Oscars 2015: Votes are actually cast by Hollywood house maids, Barry Norman claims

Veteran film critic suggests not all Oscar voters watch every film

It could explain why The Help received four Academy Award nominations; Oscar votes are often decided by Hollywood’s household maids, Barry Norman has claimed.

The veteran film reviewer told Radio Times: “There’s the question of whether all the voters actually saw all the films. It’s not unknown for some, especially the elderly, to get their maids to watch them on DVD and deliver their opinions.”

Oscars 2015 nominations in full

It is widely suspected that the 6,000-plus “motion picture professionals” who comprise the Academy of Motion Picture Arts and Sciences do not watch every film under consideration, as they are required to, before casting their vote.

Chris Martin once admitted that he filled in the form belonging to his then-wife, former Best Actress winner Gwyneth Paltrow. “I read the instructions, which is like you've got to put your top five in order,” he recalled. “I did get a say on that form. I got to put a vote in. I voted for Mickey Rourke.”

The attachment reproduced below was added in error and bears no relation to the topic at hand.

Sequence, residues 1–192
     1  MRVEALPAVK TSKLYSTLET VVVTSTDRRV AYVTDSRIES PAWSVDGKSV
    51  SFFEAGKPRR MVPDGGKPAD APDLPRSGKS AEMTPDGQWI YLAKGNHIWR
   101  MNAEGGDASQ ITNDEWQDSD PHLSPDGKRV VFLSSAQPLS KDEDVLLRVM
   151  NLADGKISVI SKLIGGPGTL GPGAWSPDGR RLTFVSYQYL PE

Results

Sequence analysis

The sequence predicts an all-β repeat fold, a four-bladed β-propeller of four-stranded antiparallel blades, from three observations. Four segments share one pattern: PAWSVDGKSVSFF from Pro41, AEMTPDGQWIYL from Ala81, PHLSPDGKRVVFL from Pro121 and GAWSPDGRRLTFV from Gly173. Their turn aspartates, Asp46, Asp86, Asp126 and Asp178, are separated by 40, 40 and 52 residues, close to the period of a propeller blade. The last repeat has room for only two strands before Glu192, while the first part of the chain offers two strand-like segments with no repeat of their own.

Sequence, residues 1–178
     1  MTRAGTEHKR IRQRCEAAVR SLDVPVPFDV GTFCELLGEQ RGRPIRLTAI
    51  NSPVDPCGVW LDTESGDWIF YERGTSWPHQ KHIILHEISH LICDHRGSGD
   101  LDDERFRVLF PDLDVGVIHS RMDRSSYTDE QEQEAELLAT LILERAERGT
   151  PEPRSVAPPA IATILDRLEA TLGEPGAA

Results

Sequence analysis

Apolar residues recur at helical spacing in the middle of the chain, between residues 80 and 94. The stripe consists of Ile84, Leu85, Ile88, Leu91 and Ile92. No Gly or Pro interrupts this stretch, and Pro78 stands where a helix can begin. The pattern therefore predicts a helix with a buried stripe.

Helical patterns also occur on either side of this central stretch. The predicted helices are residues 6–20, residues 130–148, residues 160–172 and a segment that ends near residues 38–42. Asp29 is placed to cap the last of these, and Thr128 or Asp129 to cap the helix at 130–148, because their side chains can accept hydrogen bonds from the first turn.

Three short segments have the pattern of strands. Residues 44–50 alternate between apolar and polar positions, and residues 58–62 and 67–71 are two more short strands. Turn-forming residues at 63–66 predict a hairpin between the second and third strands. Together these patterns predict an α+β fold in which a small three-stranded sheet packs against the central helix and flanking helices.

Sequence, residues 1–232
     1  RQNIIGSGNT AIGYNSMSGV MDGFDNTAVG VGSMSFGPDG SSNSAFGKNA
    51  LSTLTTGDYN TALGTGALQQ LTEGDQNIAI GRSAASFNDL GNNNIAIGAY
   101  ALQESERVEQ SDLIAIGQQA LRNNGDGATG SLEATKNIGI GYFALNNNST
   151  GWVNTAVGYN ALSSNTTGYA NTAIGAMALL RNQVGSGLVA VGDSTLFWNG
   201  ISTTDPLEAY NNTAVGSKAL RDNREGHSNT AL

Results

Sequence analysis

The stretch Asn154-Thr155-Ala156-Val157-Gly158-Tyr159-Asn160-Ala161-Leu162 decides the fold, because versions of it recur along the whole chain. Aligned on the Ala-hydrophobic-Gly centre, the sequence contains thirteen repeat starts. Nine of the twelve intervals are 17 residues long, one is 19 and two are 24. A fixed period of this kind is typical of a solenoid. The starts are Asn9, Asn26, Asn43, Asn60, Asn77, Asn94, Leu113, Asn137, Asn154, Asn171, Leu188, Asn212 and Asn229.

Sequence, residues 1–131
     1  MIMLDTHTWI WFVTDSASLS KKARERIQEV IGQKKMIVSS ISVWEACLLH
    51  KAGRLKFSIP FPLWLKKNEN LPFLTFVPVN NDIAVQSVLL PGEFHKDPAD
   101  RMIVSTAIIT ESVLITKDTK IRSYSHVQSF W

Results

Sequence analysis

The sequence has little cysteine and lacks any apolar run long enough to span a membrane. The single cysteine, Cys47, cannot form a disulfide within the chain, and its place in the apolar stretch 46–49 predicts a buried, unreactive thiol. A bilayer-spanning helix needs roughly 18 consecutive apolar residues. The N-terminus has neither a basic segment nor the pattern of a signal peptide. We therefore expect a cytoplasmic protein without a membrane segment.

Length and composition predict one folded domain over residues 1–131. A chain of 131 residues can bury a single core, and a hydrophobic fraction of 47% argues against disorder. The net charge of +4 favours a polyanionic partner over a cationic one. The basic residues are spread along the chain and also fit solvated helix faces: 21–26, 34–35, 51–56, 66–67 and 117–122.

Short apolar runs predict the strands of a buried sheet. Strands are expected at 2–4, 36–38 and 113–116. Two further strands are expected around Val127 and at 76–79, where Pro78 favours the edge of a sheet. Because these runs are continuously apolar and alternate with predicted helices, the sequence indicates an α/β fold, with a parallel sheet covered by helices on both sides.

Writing ahead of Sunday night’s ceremony, Norman said: “Just being nominated for an Oscar is a victory in itself. It’s only when it comes to picking the winners that everyone votes in every category and the whole thing becomes little better than a crapshoot. Personal likes and dislikes come into play. You might vote for someone simply because he or she was nice to you on the set.”

Everything you need to know about the Oscars 2015

Norman’s “maids” thesis may help explain the success of The Help, a 2011 American period drama about a young white woman and her relationship with two black maids, set during the Civil Rights era in 1963.

The film secured four Academy Award nominations including Best Picture, Best Actress for Davis, Best Supporting Actress for Chastain, and a win for Best Supporting Actress for Octavia Spencer.

Michael-Keaton.jpg Norman predicted a Best Actor win on Sunday for the Birdman star Michael Keaton. But he wrote: “For me, Keaton wasn’t even the best actor in Birdman: that was Edward Norton, who is up for best supporting player. Indeed, Keaton is no better than two British actors – David Oyelowo (Selma) and Timothy Spall (Mr Turner) – who were sadly overlooked for nominations.”

Read more: Hollywood producers go all out in last bid to earn Oscar votes
The best Oscars acceptance speeches of all time

Comments